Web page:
The automobile industry legend, Lido Anthony Iacocca or "Lee", as many would know him as, died at the age of 94 on Tuesday morning (2nd July, 2019) at his home in Bel Air. A family spokeswoman said, "He had complications from Parkinson’s disease."
He revived Chrysler Corporation from potential bankruptcy in 1980 using his skills and his abilities by winning federal loan guarantees.
During that time, Lee was fired by the Chrysler board, after which, he joined hands with billionaire Kirk Kerkorian in a failed hostile takeover attempt in 1995. A decade later, he was called back to Chrysler as a pitchman where he was seen in a TV commercial with rapper Snoop Dogg.
Later, he worked with his former Ford colleague Hal Sperlich who joined him at Chrysler, to make mini-vans that went on to become quite popular at that time.
Apart from being a successful businessman, Lee also spent time doing charitable work. He made efforts to restore the Statue of Liberty, Ellis Island and the immigration port in New York Harbor.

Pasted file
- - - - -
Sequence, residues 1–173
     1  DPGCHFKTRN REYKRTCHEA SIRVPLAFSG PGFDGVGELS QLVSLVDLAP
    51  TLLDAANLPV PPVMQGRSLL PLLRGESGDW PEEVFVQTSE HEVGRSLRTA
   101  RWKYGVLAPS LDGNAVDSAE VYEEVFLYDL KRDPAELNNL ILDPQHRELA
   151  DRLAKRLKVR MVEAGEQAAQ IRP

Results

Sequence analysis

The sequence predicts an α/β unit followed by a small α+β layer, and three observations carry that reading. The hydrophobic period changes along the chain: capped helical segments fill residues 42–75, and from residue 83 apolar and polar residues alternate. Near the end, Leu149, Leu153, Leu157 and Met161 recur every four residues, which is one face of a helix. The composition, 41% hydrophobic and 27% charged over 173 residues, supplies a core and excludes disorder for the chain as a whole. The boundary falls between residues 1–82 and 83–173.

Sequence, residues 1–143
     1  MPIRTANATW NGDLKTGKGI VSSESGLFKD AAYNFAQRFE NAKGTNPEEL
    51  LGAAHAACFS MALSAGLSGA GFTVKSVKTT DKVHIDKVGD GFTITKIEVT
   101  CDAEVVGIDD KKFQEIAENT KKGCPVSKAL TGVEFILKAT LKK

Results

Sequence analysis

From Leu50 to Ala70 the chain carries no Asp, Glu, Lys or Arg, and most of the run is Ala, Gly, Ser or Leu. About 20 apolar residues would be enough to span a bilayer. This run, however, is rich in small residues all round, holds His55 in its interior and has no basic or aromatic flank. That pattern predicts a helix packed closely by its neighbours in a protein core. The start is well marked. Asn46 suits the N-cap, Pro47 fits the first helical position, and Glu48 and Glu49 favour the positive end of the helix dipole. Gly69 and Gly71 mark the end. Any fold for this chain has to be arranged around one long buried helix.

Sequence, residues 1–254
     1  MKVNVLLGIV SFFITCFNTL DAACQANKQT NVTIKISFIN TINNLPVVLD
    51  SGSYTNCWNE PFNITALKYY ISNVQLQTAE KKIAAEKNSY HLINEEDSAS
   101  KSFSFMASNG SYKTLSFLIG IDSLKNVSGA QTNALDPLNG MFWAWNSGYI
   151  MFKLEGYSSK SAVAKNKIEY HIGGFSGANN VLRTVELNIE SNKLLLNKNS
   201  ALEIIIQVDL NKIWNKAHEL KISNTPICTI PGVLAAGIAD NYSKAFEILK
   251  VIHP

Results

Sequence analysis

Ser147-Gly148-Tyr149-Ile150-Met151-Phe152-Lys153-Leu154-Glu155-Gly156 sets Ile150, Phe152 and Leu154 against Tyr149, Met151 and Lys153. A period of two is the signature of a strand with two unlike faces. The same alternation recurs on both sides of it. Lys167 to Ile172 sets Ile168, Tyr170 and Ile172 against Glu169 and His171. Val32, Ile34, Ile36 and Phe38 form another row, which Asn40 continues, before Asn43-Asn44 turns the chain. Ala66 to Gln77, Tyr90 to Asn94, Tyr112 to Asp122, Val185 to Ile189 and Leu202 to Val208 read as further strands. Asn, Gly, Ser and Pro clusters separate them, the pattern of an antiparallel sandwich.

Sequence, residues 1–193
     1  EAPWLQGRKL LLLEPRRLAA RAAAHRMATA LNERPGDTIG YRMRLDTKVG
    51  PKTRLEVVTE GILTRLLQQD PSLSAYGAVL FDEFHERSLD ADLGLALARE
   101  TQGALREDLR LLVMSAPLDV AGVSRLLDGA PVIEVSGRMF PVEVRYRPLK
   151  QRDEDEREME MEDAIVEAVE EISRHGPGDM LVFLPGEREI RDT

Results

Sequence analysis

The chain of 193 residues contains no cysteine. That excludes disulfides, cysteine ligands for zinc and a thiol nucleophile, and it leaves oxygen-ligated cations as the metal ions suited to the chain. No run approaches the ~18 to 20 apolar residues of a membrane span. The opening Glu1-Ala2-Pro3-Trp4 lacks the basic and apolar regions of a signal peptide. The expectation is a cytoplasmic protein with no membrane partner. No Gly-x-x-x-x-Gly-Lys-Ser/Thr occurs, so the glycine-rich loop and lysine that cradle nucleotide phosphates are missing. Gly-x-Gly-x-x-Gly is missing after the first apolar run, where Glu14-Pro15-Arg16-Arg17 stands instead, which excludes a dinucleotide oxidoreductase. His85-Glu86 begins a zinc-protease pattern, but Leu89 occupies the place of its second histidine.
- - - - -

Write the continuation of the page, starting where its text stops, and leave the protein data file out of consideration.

In 1999, locacca tried to form an electric vehicle company, EV Global Motors, but he spent a majority of his time on writing and doing charitable work.
By this time, he had already been married three times and his last marriage to Darrien Earle, ended in 1994. In his final years, he lived in the Bel Air section of Los Angeles.
Here's what Twitter had to say on his demise:
All hail Lee Iacocca, who gave us this: pic.twitter.com/1NUcCvi8yh— xmaximus (@congakitty) July 3, 2019
I’m devastated by the passing of an American icon, my dear friend Lee Iacocca. In addition to his contributions to our nation, he was a founder of EIHS and served as vice-chairman for many years. He will be missed. pic.twitter.com/KEn6DCl7ba— Nasser J. Kazeminy (@NasserJKazeminy) July 3, 2019
I had the high honor to meet the genius Lee Iacocca at the Talking Straight book tour in 1989:— Brian Roemmele (@BrianRoemmele) July 3, 2019
"You can have brilliant ideas but if you can't get them across, your ideas won't get you anywhere"
He was an inspiration cut from a block of wood that is no longer made.
RIP sir. pic.twitter.com/nVES6wSBDQ
#LeeIacocca changed cars with the @Ford #Mustang and the @Chrysler K-Cars. My folks had a K-Car in the 70’s, a #Plymouth Valiant. Drove that car in high school. It was so uncool, but at least it was a car!— Mike Schiller 🌵 (@MichaelSchiller) July 3, 2019
RIP Mr. Iacocca.
Lee Iacocca was larger than life. Truly. And he left a mark on his industry like few others. People thought he might be President someday. https://t.co/X0qHPSaV34— Don Gonyea NPR (@DonGonyea) July 3, 2019
This man was truly an inspirational figure who did so much for the automobile industry and we can't thank him enough. May his soul rest in peace.